AOL rebuts zombie network slur
AOL has described a report which brands it as running the most zombie infected network on the internet as "meaningless" because it fails to take into account its large user base. Security firm Prolexic reports that AOL was the biggest single source of DDoS attacks over the last six months, accounting for 11.3 per cent of attacks in the US and 5.3 per cent worldwide.
But AOL spokesman Andrew Weinstein argues that its 21.7m US members meant it had 40 per cent of the US market, so figures from Prolexic that 11 per cent of hostile attacks monitored in the US can be traced back to AOL's network meant the ISP had a lower than industry average infection rate. Barrett Lyon, CTO of Prolexic, conceded that AOL had a point. "Our figures didn't take into account per-capita user base but regardless more computers on AOL are attacking online sites than from any other network. Just because a home user subscribes to a reputable brand doesn’t mean they’re safe from the online criminal fraternity."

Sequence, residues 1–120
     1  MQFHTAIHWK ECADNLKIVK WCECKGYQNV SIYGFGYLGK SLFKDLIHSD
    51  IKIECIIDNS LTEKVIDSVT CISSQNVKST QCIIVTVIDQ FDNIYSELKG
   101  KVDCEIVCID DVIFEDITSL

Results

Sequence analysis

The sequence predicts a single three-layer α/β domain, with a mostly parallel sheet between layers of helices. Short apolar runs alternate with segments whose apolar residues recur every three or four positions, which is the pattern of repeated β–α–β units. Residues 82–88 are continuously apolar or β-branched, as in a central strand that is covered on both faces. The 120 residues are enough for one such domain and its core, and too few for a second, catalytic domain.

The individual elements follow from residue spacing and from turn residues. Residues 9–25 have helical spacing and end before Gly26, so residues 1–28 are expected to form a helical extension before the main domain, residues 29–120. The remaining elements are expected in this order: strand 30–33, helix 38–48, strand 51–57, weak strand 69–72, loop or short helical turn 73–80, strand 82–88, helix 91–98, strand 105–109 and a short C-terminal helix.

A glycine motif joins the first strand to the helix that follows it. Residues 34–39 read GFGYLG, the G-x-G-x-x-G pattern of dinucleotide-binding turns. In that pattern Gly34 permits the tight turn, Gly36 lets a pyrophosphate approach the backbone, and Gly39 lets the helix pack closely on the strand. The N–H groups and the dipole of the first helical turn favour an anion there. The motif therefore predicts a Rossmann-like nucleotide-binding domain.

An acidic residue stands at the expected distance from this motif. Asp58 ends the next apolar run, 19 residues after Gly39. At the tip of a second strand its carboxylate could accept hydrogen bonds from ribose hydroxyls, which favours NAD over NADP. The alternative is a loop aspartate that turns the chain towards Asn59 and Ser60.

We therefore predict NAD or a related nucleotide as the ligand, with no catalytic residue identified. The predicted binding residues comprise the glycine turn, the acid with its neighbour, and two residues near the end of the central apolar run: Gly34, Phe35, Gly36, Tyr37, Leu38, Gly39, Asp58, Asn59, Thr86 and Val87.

DDoS attacks are often launched from machines compromised by malware such as Agobot and Spybot that turn them into drones on zombie attack networks (AKA botnets). Access to these botnets is sold online to spammers, cyber-extortionists or other ne'er do wells. When used in a DDoS attack, these compromised machines can 'flood' a network with fake packets, preventing legitimate traffic from accessing a site.
The disruption compromised Windows PCs cause to the wider internet is a recognised problem. Recently, internet firms banded to together in an industry wide push dubbed Operation Spam Zombies to wipe zombies off the net. AOL is a leading member of this initiative. It has also placed increased emphasis on consumer security in its recent software releases.
Prolexic, a 30 strong security start-up based in Miami, said its report highlighted a significant change in the way DDoS attacks are being coordinated. Instead of focusing on Layer-3 TCP attacks, hackers are increasingly trying "advanced full connection based flood" attacks. This trend allowed it to discount spoofing (forged destination) assaults before considering the origin of the attacks its customer face, according to Prolexic's Lyon. ®
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